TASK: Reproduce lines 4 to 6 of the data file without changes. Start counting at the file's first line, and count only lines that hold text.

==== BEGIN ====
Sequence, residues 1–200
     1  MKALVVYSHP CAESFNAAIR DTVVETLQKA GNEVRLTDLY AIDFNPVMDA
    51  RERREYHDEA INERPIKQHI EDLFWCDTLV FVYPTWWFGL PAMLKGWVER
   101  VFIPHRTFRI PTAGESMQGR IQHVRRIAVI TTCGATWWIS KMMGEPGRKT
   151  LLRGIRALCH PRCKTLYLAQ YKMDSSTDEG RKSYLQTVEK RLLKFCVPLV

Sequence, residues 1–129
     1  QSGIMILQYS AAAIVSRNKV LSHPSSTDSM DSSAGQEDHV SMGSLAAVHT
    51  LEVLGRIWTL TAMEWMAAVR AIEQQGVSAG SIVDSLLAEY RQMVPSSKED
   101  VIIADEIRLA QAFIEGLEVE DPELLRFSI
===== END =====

   101  VFIPHRTFRI PTAGESMQGR IQHVRRIAVI TTCGATWWIS KMMGEPGRKT
   151  LLRGIRALCH PRCKTLYLAQ YKMDSSTDEG RKSYLQTVEK RLLKFCVPLV

Sequence, residues 1–129